Thomas Jefferson played an important role in the Library’s early formation, signing into law on January 26, 1802 the first law establishing the structure of the Library of Congress. The law established the presidentially appointed post of Librarian of Congress and a Joint Committee on the Library to regulate and oversee the Library, as well as giving the president and vice president the ability to borrow books. The Library of Congress was destroyed in August 1814, when invading British troops set fire to the Capitol building and the small library of 3,000 volumes within.

Within a month, former President Jefferson offered his personal library as a replacement. Jefferson had spent 50 years accumulating a wide variety of books, including ones in foreign languages and volumes of philosophy, science, literature, and other topics not normally viewed as part of a legislative library, such as cookbooks, writing that, “I do not know that it contains any branch of science which Congress would wish to exclude from their collection; there is, in fact, no subject to which a Member of Congress may not have occasion to refer.” In January 1815, Congress accepted Jefferson’s offer, appropriating $23,950 to purchase his 6,487 books.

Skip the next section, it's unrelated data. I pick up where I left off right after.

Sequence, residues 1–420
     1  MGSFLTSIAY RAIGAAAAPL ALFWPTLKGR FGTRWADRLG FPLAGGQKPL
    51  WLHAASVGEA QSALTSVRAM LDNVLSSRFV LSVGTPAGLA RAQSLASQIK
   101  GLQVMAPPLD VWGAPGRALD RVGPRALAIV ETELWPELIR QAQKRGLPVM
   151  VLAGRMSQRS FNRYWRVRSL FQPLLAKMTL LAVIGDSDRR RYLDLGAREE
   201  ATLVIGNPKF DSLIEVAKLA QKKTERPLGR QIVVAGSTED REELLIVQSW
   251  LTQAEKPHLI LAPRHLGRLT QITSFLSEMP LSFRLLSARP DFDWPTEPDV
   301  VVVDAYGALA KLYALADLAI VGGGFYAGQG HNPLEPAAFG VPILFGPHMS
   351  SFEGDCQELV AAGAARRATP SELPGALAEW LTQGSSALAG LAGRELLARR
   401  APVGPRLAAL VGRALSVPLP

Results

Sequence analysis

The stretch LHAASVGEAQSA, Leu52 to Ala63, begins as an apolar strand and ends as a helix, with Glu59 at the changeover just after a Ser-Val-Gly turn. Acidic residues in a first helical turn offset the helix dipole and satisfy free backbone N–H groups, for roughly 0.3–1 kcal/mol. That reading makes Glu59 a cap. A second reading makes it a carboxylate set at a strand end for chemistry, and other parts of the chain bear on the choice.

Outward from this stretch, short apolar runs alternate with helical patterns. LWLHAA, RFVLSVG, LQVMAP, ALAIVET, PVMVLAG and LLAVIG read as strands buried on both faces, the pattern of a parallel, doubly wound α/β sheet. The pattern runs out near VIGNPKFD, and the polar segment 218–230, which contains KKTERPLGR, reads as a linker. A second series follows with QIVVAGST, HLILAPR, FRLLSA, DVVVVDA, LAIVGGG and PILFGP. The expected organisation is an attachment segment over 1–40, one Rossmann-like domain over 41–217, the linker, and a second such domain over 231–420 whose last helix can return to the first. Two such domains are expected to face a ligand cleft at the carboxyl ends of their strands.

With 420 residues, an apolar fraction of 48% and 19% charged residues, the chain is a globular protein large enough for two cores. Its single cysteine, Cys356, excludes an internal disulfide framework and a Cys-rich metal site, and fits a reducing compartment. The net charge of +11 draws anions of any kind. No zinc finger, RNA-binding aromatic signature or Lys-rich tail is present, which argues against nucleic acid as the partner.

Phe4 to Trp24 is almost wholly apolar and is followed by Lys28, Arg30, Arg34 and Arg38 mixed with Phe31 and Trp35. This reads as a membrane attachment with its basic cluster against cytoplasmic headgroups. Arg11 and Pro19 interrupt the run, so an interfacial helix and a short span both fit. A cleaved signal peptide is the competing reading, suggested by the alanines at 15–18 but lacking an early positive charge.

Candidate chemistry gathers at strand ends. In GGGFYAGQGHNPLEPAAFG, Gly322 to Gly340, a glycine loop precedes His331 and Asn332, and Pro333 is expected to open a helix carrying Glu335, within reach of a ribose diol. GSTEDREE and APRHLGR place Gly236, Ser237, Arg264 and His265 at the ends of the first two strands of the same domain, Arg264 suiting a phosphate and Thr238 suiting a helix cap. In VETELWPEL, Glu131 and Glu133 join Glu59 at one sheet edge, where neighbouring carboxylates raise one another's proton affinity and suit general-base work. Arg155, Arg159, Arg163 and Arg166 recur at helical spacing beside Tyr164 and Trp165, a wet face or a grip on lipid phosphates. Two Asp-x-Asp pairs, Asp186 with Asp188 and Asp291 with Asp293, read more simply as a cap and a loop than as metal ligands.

Wikipedia Article




AC is running, time to start thinking about mowing the yard again…

World Peas

Cereal Killer

The Taxman Cometh

The Taxman Cometh

7 of 9

Houston, We’ve Had A Problem…

April 17th, 1970 the capsule from the Apollo 13 mission splashed down in the Pacific Ocean, and the whole world breathed a sigh of relief.


Apollo 13 launched from Cape Canaveral on April 11, intended to be the third manned lunar landing. The crew — James A. Lovell Jr., John L. Swigert Jr. and Fred W. Haise Jr. — experienced a slight vibration shortly after launch, but things were going normally until 55 hours, 55 minutes into the flight.

Oxygen tank No. 2 exploded, causing No. 1 to fail and start leaking rapidly. Warning lights started blinking. The astronaut’s supplies of air, water, light and electricity were imperiled … 200,000 miles from Earth.


Birth of the Mustang (and the Pony Car)

April 17, 1964: Ford Mustang Starts Galloping

1964: Ford introduces the Mustang at the New York World’s Fair. It becomes an instant hit and an icon that alters the automotive landscape, giving rise to one of the most successful — and most uniquely American — automobile genres: the pony car.

The Ford Mustang was born of the simple idea that putting a back seat in a sports car would be a great idea.

The idea came to Lee Iacocca and Donald Frey in the early 1960s as the country was being overrun by European sports cars. Everywhere you looked you saw Alfa Romeos and MGs and Triumphs that dripped oil. Even French cars that would draw peals of laughter today were popular back then.